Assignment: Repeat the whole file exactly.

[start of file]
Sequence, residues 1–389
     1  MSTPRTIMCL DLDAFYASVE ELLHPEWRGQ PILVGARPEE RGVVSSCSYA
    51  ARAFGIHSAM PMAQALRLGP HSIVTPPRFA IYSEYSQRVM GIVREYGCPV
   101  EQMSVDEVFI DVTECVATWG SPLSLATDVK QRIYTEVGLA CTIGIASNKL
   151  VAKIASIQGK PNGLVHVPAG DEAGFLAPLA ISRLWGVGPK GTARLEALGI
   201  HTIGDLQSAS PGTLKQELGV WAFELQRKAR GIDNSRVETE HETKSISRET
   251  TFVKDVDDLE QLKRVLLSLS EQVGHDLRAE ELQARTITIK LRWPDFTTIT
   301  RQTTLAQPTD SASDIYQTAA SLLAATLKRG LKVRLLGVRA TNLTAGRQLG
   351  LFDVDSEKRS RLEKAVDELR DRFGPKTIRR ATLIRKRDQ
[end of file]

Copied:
Sequence, residues 1–389
     1  MSTPRTIMCL DLDAFYASVE ELLHPEWRGQ PILVGARPEE RGVVSSCSYA
    51  ARAFGIHSAM PMAQALRLGP HSIVTPPRFA IYSEYSQRVM GIVREYGCPV
   101  EQMSVDEVFI DVTECVATWG SPLSLATDVK QRIYTEVGLA CTIGIASNKL
   151  VAKIASIQGK PNGLVHVPAG DEAGFLAPLA ISRLWGVGPK GTARLEALGI
   201  HTIGDLQSAS PGTLKQELGV WAFELQRKAR GIDNSRVETE HETKSISRET
   251  TFVKDVDDLE QLKRVLLSLS EQVGHDLRAE ELQARTITIK LRWPDFTTIT
   301  RQTTLAQPTD SASDIYQTAA SLLAATLKRG LKVRLLGVRA TNLTAGRQLG
   351  LFDVDSEKRS RLEKAVDELR DRFGPKTIRR ATLIRKRDQ